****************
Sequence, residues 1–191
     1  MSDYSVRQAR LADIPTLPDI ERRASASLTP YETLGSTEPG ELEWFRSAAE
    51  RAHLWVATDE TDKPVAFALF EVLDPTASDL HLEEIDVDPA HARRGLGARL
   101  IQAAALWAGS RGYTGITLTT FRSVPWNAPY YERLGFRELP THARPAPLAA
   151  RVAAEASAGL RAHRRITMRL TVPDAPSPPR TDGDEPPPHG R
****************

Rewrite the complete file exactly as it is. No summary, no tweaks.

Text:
Sequence, residues 1–191
     1  MSDYSVRQAR LADIPTLPDI ERRASASLTP YETLGSTEPG ELEWFRSAAE
    51  RAHLWVATDE TDKPVAFALF EVLDPTASDL HLEEIDVDPA HARRGLGARL
   101  IQAAALWAGS RGYTGITLTT FRSVPWNAPY YERLGFRELP THARPAPLAA
   151  RVAAEASAGL RAHRRITMRL TVPDAPSPPR TDGDEPPPHG R